Adjusting Strength and Focus

Reflections on Language for Interacting With Others (Chapter 4) from Adjusting strength and focus (pp.125-142) by Beverly Derewianka

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This part of chapter 4 evolves around adjusting the strength or focus of meaning and/or feelings. First of, we will look at intensifiers. An intensifier increase or decrease the force of a message by using:

  • Adverbs
    “I’m somewhat hungry”
    “You look extremely tired”
  • Adjectives
    “You are a complete fool.”
  • Nouns
    “What a stink!”
  • Verbs
    “I adore you.”

(p.125)

These words can either change intensity e.g., I am quite angry > I’m very angry > I’m extremely angry. Or change the force of the vocabulary item itself e.g. (From mild>medium>high)  I’m anxious > I’m nervous > I’m petrified. The force of a message can also be made less or more powerful by repeating, listing, quantifying or by changing/adding in terms of extend.

The chapter is also concerned with opening up spaces in the language, this is to avoid bare assertions and straightforward statements when interacting with others. We can do this by engaging the listener or reader in various ways:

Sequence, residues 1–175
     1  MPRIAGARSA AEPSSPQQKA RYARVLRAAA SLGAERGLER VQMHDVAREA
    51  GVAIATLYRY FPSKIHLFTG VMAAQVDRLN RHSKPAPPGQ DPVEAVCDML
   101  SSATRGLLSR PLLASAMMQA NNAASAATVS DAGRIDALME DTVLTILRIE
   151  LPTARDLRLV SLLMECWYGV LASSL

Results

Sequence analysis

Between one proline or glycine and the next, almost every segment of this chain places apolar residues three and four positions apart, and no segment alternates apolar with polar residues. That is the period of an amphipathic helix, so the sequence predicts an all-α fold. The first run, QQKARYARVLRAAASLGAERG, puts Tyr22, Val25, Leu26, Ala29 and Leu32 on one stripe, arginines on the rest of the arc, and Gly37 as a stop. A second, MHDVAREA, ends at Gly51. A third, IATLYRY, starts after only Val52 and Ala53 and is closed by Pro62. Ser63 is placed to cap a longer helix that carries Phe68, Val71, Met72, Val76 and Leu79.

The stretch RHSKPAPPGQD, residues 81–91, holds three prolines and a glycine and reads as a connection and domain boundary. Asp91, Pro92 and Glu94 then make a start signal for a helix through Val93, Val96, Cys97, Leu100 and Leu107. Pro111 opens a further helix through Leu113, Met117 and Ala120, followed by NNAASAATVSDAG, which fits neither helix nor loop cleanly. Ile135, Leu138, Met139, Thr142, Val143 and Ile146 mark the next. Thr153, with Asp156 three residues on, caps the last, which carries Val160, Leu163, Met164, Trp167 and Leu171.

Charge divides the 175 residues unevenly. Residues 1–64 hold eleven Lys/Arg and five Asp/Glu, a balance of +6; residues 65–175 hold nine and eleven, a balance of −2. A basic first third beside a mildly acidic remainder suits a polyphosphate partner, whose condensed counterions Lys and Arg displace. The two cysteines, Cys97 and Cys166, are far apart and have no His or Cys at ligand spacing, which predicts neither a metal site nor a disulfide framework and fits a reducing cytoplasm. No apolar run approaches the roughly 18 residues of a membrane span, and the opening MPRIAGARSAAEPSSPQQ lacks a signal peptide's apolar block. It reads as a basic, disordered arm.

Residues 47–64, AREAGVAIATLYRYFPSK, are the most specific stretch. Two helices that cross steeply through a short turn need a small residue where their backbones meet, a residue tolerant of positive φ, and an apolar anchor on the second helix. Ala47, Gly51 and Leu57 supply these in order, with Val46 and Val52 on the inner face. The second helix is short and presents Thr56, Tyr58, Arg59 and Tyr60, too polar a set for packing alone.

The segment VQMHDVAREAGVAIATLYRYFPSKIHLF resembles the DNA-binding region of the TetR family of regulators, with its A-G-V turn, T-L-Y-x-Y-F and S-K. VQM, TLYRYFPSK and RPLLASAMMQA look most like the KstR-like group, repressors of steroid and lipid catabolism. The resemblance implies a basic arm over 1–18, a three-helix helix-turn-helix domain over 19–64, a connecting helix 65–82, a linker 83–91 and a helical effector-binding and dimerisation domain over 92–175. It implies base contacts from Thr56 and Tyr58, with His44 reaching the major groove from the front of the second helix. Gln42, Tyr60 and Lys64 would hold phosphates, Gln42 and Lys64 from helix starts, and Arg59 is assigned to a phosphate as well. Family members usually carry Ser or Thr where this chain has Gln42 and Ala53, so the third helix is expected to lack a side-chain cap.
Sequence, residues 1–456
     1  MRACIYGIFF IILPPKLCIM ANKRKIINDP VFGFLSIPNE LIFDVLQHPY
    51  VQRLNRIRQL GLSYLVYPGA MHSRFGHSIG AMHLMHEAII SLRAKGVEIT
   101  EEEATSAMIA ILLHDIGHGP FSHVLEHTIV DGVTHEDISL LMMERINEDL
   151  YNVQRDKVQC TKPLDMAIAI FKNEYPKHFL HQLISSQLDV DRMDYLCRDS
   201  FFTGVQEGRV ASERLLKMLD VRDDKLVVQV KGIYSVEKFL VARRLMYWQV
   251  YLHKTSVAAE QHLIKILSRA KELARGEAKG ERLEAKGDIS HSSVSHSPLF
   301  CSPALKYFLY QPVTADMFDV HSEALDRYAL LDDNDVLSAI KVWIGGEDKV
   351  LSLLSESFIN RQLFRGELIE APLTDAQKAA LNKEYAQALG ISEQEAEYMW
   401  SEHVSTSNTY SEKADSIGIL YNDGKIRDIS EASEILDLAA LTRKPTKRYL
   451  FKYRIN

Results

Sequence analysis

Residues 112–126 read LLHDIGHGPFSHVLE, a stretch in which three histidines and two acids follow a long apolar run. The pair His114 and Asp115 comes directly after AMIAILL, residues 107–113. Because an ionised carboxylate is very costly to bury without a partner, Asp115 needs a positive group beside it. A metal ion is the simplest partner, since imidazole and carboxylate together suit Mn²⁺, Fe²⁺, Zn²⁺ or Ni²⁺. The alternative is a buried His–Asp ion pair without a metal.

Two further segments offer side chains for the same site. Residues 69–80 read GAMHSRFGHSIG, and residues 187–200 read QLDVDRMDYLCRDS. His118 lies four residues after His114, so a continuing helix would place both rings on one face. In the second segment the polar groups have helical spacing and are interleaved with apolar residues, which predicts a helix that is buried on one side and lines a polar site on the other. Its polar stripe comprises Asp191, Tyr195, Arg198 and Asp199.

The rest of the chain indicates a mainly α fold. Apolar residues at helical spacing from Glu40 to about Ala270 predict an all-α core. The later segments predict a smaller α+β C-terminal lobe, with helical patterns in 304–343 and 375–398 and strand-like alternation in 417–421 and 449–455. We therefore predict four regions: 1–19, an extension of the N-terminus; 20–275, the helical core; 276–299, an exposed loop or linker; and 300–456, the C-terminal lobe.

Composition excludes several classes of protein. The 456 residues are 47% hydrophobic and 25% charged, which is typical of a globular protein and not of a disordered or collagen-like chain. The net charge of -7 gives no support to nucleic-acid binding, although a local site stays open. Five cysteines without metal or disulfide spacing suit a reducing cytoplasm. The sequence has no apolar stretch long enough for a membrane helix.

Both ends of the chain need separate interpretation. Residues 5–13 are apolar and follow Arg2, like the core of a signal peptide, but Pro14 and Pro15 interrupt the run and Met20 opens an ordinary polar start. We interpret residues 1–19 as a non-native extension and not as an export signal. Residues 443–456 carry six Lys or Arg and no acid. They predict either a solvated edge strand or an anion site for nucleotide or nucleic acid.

• inviting them to consider other perspectives
  • introducing other voices into the discourse
  • opening up (our closing down) spaces for negotiation
  • entertaining other possibilities

(p.127)

To introduce other perspectives and voices into the discourse, is to explicitly refer to what something else has to say about this topic. This attribution ranges from very vague to very specific:

  • Some say…
  • Derewianka states, that…
  • According to research…
  • The experiment showed…
  • He found that…

 

Modality – Probability

Modal auxiliaries are used to temper statements, as described in Cheat Sheet #1.  However, this function can also be expressed by modal adjuncts rather than the modal auxiliary (p.132): E.g. (High modality > Mid modality > Low modality) “Certainly > in all probability > maybe” or “Undoubtedly > apparently > allegedly”. Additionally, modality can be expressed through other grammatical resources: